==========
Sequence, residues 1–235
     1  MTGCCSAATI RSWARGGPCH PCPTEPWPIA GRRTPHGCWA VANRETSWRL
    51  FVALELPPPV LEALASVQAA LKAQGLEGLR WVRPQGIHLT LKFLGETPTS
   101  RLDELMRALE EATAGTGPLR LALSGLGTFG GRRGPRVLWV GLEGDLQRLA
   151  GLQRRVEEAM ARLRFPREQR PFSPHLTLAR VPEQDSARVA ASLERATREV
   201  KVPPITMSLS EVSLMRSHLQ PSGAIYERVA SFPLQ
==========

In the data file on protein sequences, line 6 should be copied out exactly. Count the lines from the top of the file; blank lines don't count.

   201  KVPPITMSLS EVSLMRSHLQ PSGAIYERVA SFPLQ